Who make everyday life possible.

Let you and I set the celebrities aside and celebrate one another.
Let us bask in the light of fervent friendship
And award each other with loyalty and love,
For we are the everyday workers of the world
Who make everyday life possible.

Uncut diamonds
Are so easily overlooked
In a world too blinded by brilliance.

~ Russ Allison Loar
© All Rights Reserved


The reason
Why your busy ambitions
Is connected to
The reason
Why I sit outside this evening
In an old lawn chair,
Fanning away insects
And the gentle breeze of thought.

~ Russ Allison Loar
© All Rights Reserved


All the knowledge
I have so carefully gathered
For so many years,
All my opinions,
My experiences,
All that I am
Means so very little
Compared to the touch of your hand,
The sound of your voice,
Confessing love.

~ Russ Allison Loar
© All Rights Reserved


Praying for divine guidance,
As long as the holy message
With certain theological predilections
And does not require
Too much humility.

~ Russ Allison Loar
© All Rights Reserved

Coming Home

Early one evening
After another long day,
I could not turn down the street where I live,
Where my life deposits itself,
Where I always do what must be done,
Work or play,
Every day.

I drove right past without hesitation,
Past the street,
Past the gray blanket of familiarity.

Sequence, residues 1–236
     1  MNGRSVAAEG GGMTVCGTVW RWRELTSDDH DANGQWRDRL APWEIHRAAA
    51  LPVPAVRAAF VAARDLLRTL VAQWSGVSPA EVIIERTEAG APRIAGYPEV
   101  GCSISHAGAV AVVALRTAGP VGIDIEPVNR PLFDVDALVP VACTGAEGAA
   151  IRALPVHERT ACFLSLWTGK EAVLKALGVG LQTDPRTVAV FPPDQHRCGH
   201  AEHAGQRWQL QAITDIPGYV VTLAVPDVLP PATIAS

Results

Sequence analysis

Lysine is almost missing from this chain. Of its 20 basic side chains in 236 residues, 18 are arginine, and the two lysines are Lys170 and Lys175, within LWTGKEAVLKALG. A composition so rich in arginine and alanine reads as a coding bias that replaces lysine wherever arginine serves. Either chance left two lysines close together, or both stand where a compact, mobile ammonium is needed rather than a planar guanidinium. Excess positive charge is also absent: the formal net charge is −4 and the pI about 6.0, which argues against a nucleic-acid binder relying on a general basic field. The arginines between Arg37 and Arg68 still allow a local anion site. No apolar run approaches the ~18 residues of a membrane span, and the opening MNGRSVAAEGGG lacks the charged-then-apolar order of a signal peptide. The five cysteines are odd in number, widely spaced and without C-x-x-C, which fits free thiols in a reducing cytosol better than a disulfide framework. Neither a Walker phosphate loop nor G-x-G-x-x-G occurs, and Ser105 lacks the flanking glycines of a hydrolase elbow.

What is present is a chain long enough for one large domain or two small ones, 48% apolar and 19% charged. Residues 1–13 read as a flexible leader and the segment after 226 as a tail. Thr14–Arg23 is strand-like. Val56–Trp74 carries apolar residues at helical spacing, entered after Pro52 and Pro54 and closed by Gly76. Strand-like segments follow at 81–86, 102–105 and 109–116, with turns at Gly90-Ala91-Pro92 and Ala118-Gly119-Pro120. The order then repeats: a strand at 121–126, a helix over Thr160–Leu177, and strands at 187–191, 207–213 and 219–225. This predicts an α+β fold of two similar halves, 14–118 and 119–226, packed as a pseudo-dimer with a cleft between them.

I took the long way around,
Pondering the pathways of my life,
Watching the sky turn dark,
The porch lights blinking on.

Having nowhere else to go,
I came home.

~ Russ Allison Loar
© All Rights Reserved

Still Human

Sometimes I can go nearly a week
Inflating my illusion of self-importance,
Transcendent benefactor to mankind that I am.

My uninterrupted enlightenment,
Liberated at last from the squalor of human ignorance.

Then one afternoon,
Walking down a busy city sidewalk,
My nose begins to tickle.

I am seized by a sneeze
And I’ve forgotten my handkerchief.

I quickly cover my nose with my hand
Which becomes coated with mucous
Dripping from my nostrils.

Wondering what to do next,
I feel another sneeze coming on.

Ah yes, still human.

~ Russ Allison Loar
© All Rights Reserved

Suburban Twilight

Suburban twilight,
Punctuated by porch lights
Welcoming weary workers home.

“Hello darling,”
She says,
“I missed you,”
Her bare shoulders
Framed by the thin straps,
Too loose,
Of her tiny, translucent dress.

This never happened to me.

A bunch of soccer ball boys,
Too young to go on a date,
Stand together in a jagged circle
On a grass-dirt field
While their parents lie to each other
About nothing in particular,
Waiting for the game to begin.

Back on the boulevard
Commuters swim upstream,
Fighting their way back
To the suburban spawning grounds
For a few hours of fun
Before it all shuts down in sleep,
And regret.

~ Russ Allison Loar
© All Rights Reserved

The Finger Speaks

for William Michaelian

I don’t ask the question,
Are you happy?
It seems too intrusive,
Too personal for most of my friends.
It’s a question reserved for my lover,
Used sparingly.

But of course I can tell,
Even in the e-mails of distant friends.
Joy infuses their words,
Oozes out from even the briefest missives,
Such as this morning’s message from my old friend,
An entranced grandfather,
Too encumbered to reply with more than a short explanation,
No doubt typed with a single finger:
“Baby on lap!”

~ Russ Allison Loar
© All Rights Reserved

The Clearing

I know,
These words are not enough
To describe the longings of the heart,